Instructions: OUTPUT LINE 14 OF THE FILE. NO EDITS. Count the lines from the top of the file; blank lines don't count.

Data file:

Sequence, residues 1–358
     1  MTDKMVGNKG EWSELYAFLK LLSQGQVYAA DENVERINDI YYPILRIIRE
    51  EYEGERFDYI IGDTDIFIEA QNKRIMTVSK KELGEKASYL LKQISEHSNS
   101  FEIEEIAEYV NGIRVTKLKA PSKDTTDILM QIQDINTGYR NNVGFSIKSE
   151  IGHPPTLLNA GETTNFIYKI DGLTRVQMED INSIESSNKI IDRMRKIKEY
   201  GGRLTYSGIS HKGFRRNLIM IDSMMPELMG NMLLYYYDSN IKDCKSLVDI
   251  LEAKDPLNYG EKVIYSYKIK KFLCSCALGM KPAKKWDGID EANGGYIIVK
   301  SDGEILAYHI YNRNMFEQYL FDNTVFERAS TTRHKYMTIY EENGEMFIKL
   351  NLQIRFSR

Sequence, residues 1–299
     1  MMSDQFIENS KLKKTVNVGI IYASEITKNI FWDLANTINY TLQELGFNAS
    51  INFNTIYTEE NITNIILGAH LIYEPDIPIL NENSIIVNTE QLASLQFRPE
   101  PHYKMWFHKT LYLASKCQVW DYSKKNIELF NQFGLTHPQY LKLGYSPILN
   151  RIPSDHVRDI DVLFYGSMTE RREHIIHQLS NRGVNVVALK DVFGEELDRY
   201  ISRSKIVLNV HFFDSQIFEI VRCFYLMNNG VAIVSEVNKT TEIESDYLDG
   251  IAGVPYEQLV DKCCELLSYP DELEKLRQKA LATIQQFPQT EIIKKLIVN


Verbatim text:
   151  RIPSDHVRDI DVLFYGSMTE RREHIIHQLS NRGVNVVALK DVFGEELDRY